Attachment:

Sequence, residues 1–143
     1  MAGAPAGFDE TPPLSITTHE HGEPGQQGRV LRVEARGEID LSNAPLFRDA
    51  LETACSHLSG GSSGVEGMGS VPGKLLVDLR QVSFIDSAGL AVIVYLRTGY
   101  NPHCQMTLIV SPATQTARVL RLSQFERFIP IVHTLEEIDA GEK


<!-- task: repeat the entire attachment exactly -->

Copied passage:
Sequence, residues 1–143
     1  MAGAPAGFDE TPPLSITTHE HGEPGQQGRV LRVEARGEID LSNAPLFRDA
    51  LETACSHLSG GSSGVEGMGS VPGKLLVDLR QVSFIDSAGL AVIVYLRTGY
   101  NPHCQMTLIV SPATQTARVL RLSQFERFIP IVHTLEEIDA GEK